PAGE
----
The NFL will continue to adapt to make the games safer. While most fans enjoy the gladiator feel of the sport, they would all clamor if it were their team's quarterback or running back that was seriously hurt. And God forbid someone is paralyzed, which happened just this past weekend to Rutgers University football player Eric LeGrand.

In the past three days, if you have been paying attention to sports discussions on television, radio and online, you have heard every opinion about the NFL, what the should do, the new policy and player safety.

But isn't that what the NFL is supposed to do? Doesn't it have a responsibility to try to protect its' players as much as possible?

If James Harrison feels that he can't play the game of football the way he needs to, then he should retire. The Steelers have a great track record of replacing linebackers like James. Greg Lloyd, Kevin Greene, Levon Kirkland and Joey Porter are just some of the outstanding defenders it seemed the Steelers would be foolish to cut ties with. But they were all let go at some point and replaced. And the Steelers' defense never missed a beat.

Is James Harrison trying to prove a point? Does he think that NFL commissioner Roger Goodell will feel sorry for him and rescind his fine? Or is he just doing what most of today's athletes do - try to shine the spotlight on them when it shouldn't be.

Go ahead and retire James. Just remember, you are replaceable. Everyone is and the Steelers have proved it.

Monday, October 18, 2010

...Jimmy Rollins

After not getting a hit in four at-bats in Game One of the National League Championship Series (NLCS), Philadelphia Phillies shortstop Jimmy Rollins came to bat in the bottom of the seventh inning in Game Two with the bases loaded.

The 2007 National League Most Valuable Player struggled with injuries this year and only hit .243 in 88 games - the worst of his career. But Jimmy is still a dangerous professional, especially when he feels slighted.

Down 3-1, with base runners on second and third, San Fransisco manager Bruce Bochy decided to intentionally walk Phillies right fielder Jayson Werth to load the bases.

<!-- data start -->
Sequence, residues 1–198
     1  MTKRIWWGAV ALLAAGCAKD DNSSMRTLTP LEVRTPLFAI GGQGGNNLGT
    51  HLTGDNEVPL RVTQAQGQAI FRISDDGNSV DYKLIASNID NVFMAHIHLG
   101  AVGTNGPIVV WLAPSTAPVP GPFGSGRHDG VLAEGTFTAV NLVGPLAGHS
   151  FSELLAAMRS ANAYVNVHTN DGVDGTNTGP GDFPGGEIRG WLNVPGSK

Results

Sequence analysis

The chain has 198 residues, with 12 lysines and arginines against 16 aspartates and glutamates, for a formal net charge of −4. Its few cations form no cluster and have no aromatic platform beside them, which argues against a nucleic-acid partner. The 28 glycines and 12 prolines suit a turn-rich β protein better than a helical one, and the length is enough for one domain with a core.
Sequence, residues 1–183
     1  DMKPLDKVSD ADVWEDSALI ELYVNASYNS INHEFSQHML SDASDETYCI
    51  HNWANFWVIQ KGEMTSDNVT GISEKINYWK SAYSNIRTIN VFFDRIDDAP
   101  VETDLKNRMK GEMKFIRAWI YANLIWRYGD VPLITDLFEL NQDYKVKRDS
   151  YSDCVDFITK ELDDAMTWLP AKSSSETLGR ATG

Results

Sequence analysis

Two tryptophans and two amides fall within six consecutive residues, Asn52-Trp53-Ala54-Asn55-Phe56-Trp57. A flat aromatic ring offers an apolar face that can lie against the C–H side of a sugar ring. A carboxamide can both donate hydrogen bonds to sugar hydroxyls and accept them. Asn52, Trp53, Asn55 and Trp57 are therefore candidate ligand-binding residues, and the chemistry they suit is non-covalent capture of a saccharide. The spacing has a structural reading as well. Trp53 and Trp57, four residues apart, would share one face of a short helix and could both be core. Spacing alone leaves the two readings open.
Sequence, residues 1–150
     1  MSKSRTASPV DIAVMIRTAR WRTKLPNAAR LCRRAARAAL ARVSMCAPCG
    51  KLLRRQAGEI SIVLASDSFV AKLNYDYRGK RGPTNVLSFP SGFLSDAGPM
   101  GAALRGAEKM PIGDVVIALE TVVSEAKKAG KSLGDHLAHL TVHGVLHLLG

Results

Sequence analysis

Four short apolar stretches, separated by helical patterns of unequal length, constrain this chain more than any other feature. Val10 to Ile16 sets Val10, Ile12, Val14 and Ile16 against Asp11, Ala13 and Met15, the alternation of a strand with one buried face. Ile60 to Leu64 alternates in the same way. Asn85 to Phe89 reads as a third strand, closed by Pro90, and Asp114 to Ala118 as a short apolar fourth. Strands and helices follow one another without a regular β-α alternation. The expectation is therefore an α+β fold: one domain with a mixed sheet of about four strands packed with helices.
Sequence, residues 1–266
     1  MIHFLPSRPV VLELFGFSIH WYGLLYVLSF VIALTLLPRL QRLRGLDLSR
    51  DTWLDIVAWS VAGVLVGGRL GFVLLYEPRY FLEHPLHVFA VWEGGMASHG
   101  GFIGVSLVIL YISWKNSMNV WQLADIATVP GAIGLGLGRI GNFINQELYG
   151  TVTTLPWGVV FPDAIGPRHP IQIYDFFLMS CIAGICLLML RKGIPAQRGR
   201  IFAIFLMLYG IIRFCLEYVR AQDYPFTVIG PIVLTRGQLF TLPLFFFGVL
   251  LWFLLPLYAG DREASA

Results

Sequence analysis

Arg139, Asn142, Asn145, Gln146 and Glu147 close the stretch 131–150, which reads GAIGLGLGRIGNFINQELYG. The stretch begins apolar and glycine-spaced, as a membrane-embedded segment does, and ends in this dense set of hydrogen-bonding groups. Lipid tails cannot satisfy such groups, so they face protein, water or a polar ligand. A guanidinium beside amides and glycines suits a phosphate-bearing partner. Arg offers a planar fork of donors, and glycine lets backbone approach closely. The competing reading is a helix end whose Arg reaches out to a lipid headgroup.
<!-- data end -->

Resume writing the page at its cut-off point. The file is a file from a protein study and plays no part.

Now in some scenarios, if the Giants were trying to set up a double play, I would agree with the move. But the Giants already had recorded two outs, so they were more concerned with Jayson Werth than Jimmy Rollins.

Werth hit .296 with 27 home runs in the 2010 season, but is only hitting .222 in the postseason.

Jimmy Rollins hit .297 right handed this year versus .218 left handed. At the time, Giants left handed reliever Jeremy Affelt was on the mound and Bochy wanted Rollins to hit left handed.

Rollins hit a three run double that turned a 3-1 lead into a 6-1 advantage that basically put the game out of reach.

In athletics, and life, you have to take advantage of anything you can. Whenever you feel slighted, turn that into to motivation. People told me since I was 11 years old that I wasn't very good. And I turned it into a professional career.

Jimmy Rollins turned it into a Game Two victory.

Saturday, October 16, 2010

...the top of the 8th Inning of Game One of the ALCS

In the top of the eight inning of game one of the American League Championship Series (ALCS), New York Yankees left fielder Brett Gardner singled, shortstop Derek Jeter doubled allowing Gardner to scored. At that point, the Texas Rangers were winning by a score of 5-2.

If you watched the game, it was really evident that the Yankees were going to make a come back and the Rangers were in trouble.

Body language can say a lot about your confidence.

Many times in life, you get what you expect. In baseball, it is no different.

The body language of the defending World Series champion Yankees said that they were expecting to come back, expecting to win and were not going to simply roll over and die and start to think about game two. The confidence of the Rangers was gone. A 5-0 lead in the game was slowly evaporating.

Once Rangers' manager Ron Washington decided to pull starting pitcher C.J. Wilson, who left with the Rangers still leading 5-2 with no outs in the top of the eight inning, you could tell - at least on television - that the Rangers were also expecting the Yankees to rally. It was almost as if they knew their lead was in trouble.